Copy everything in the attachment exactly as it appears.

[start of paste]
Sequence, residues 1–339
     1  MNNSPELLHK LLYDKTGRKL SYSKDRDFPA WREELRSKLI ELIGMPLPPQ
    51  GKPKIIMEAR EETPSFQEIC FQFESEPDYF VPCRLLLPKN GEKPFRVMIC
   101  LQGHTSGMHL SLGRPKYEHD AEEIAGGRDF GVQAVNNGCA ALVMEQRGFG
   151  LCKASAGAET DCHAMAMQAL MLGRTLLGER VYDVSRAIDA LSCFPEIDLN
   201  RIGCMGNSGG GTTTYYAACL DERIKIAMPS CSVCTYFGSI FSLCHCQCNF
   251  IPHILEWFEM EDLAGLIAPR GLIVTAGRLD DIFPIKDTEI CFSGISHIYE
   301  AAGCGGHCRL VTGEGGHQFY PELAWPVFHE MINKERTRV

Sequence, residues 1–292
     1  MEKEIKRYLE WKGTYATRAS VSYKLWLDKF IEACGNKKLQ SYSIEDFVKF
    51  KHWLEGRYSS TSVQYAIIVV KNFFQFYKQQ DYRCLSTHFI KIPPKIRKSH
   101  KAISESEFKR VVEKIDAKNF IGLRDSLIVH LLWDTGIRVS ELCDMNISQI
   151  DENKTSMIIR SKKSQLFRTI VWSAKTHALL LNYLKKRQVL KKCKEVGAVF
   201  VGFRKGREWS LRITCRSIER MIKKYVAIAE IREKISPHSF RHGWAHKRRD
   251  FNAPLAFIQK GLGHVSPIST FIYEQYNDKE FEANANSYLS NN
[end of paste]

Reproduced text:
Sequence, residues 1–339
     1  MNNSPELLHK LLYDKTGRKL SYSKDRDFPA WREELRSKLI ELIGMPLPPQ
    51  GKPKIIMEAR EETPSFQEIC FQFESEPDYF VPCRLLLPKN GEKPFRVMIC
   101  LQGHTSGMHL SLGRPKYEHD AEEIAGGRDF GVQAVNNGCA ALVMEQRGFG
   151  LCKASAGAET DCHAMAMQAL MLGRTLLGER VYDVSRAIDA LSCFPEIDLN
   201  RIGCMGNSGG GTTTYYAACL DERIKIAMPS CSVCTYFGSI FSLCHCQCNF
   251  IPHILEWFEM EDLAGLIAPR GLIVTAGRLD DIFPIKDTEI CFSGISHIYE
   301  AAGCGGHCRL VTGEGGHQFY PELAWPVFHE MINKERTRV

Sequence, residues 1–292
     1  MEKEIKRYLE WKGTYATRAS VSYKLWLDKF IEACGNKKLQ SYSIEDFVKF
    51  KHWLEGRYSS TSVQYAIIVV KNFFQFYKQQ DYRCLSTHFI KIPPKIRKSH
   101  KAISESEFKR VVEKIDAKNF IGLRDSLIVH LLWDTGIRVS ELCDMNISQI
   151  DENKTSMIIR SKKSQLFRTI VWSAKTHALL LNYLKKRQVL KKCKEVGAVF
   201  VGFRKGREWS LRITCRSIER MIKKYVAIAE IREKISPHSF RHGWAHKRRD
   251  FNAPLAFIQK GLGHVSPIST FIYEQYNDKE FEANANSYLS NN